The ORFV genome is approximately 138 kbp, with a G+C content of 64%, and contains 131 putative genes, 89 of which are conserved in all characterized chordopoxviruses (14, 61). Based on sequence homology to host and viral genes, several immunomodulatory genes with putative virulence functions have been identified in ORFV, including a homologue of interleukin-10 (IL-10; ORFV127), chemokine binding protein (ORFV112), inhibitor of granulocyte-macrophage colony-stimulating factor and IL-2 (GIF; ORFV117), vascular endothelial growth factor (ORFV132), and interferon (IFN) resistance gene (ORFV020) (reviewed in reference 21). Recently, screening of vaccinia virus-orf virus recombinants led to identification of a Bcl-2-like inhibitor of apoptosis (ORFV125) (66). Notably, ORFV encodes 15 mostly terminally located genes, which lack similarity to other poxvirus or cellular proteins and with putative virulence and host range functions (14).

Historically, ORFV has been used in veterinary medicine as a preventive and therapeutic immunomodulatory agent (reviewed in reference 64). Live or inactivated ORFV preparations exhibit dose-dependent immunomodulatory effects, with therapeutic efficacy and a favorable side effect profile demonstrated for various diseases, including infectious diseases of companion and farm animals (5, 7, 18, 19, 38, 70). Inactivated ORFV has been shown to induce an autoregulatory cytokine response in mice, involving upregulation of Th1-type cytokines (IL-12, IL-18, and IFN-γ) and their subsequent downregulation, which is accompanied by the induction of IL-10 and IL-4 (64). In addition, inactivated ORFV promotes activation of monocytes and dendritic cells via Toll-like receptor (TLR)-dependent and independent pathways, leading to the synthesis and release of early proinflammatory cytokines (22, 60). Currently, ORFV functions (genes, proteins, and mechanisms of action) associated with modulation and manipulation of early host immune responses are poorly understood.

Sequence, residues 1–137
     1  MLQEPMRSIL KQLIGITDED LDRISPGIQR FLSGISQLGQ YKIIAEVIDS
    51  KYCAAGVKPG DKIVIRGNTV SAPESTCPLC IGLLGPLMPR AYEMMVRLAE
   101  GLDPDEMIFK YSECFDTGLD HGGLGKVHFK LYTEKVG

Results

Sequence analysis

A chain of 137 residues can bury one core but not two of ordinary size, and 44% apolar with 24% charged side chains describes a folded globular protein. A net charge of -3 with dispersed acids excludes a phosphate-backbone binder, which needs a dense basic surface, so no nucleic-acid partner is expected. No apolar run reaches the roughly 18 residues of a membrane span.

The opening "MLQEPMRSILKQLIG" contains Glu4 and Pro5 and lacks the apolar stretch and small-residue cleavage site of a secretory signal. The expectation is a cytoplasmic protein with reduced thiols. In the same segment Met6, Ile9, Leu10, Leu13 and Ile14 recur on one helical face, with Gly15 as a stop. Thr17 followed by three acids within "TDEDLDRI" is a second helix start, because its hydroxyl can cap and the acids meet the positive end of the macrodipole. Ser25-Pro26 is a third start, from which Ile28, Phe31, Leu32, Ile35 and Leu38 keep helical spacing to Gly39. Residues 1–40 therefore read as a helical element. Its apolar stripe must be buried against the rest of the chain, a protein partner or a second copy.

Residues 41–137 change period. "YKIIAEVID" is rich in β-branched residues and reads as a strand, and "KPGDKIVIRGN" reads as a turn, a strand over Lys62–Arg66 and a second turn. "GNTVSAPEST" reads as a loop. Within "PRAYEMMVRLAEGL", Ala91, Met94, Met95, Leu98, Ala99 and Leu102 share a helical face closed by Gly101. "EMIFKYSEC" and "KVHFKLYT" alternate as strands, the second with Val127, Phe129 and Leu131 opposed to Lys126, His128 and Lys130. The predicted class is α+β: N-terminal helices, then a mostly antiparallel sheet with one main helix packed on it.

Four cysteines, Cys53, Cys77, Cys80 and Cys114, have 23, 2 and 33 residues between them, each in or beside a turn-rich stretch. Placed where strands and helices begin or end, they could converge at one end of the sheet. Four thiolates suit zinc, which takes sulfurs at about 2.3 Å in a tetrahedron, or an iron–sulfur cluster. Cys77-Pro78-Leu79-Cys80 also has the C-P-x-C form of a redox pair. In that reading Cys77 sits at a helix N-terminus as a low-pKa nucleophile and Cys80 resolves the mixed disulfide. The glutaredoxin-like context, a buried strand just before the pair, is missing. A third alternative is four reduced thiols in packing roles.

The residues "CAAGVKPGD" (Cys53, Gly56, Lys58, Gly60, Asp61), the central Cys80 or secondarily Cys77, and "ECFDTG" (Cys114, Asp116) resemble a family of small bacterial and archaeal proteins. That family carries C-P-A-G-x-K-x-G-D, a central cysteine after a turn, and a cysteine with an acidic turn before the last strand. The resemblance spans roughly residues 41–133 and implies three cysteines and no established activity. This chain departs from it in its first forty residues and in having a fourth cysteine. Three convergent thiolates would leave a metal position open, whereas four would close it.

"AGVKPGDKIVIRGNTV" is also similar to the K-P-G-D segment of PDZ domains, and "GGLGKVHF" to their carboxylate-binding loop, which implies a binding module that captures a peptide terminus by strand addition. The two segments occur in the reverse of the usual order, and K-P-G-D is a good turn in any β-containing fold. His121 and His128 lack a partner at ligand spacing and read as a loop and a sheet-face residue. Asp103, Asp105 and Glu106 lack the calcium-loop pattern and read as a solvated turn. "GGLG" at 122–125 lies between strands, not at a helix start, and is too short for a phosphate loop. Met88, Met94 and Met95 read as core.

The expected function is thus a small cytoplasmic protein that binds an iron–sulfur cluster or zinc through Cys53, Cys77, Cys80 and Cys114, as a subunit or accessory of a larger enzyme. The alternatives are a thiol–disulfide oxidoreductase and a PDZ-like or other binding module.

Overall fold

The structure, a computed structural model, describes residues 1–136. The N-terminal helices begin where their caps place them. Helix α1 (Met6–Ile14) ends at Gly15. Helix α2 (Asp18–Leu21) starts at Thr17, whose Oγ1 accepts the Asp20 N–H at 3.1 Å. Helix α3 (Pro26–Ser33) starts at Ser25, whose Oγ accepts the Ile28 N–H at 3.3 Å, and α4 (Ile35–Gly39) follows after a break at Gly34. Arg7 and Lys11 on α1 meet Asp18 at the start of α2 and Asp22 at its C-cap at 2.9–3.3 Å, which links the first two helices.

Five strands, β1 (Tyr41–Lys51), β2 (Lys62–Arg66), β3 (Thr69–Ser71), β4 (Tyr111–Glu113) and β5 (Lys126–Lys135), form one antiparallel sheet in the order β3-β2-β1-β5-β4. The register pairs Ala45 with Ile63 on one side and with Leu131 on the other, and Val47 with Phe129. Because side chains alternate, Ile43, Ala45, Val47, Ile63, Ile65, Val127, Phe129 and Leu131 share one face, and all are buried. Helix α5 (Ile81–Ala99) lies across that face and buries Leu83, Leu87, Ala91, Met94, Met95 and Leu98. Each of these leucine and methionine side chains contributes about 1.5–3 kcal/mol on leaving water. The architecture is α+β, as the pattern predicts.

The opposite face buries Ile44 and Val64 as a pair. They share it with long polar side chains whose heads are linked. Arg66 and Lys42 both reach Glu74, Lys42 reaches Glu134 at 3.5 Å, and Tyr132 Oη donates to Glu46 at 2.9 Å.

Many viruses, including hepatitis C virus, paramyxoviruses, influenza virus, African swine fever virus, and poxviruses, encode for proteins that disrupt or modulate immune responses by targeting specific aspects of the nuclear factor κB (NF-κB) signaling pathway (reviewed in references 31 and 63). By binding to specific promoter sequences, NF-κB mediate expression of a wide variety of cellular genes, including many involved in innate immunity, inflammation, and apoptosis, which are critical for early antiviral responses (31, 52, 57, 63). The activity of NF-κB is regulated by its association with the inhibitory IκB molecules, which sequester NF-κB in the cytoplasm (33). Various stimuli, including the proinflammatory cytokines tumor necrosis factor alpha (TNF-α) and IL-1, bacterial lipopolysaccharide (LPS), viruses, and viral products, lead to phosphorylation of IκB proteins by IκB kinases, resulting in proteasomal degradation of IκB and nuclear translocation of NF-κB subunits (33). NF-κB subunits are subject to extensive posttranslational modifications, which may facilitate their nuclear translocation or define their transcriptional functions in the nucleus (9, 53). The critical IκB kinase (IKK) complex is the bottleneck for most NF-κB-activating pathways (33, 57), including those initiated at TLRs and TNF receptors (8), and several viruses have evolved strategies to inhibit IKK complex activation (reviewed in reference 56).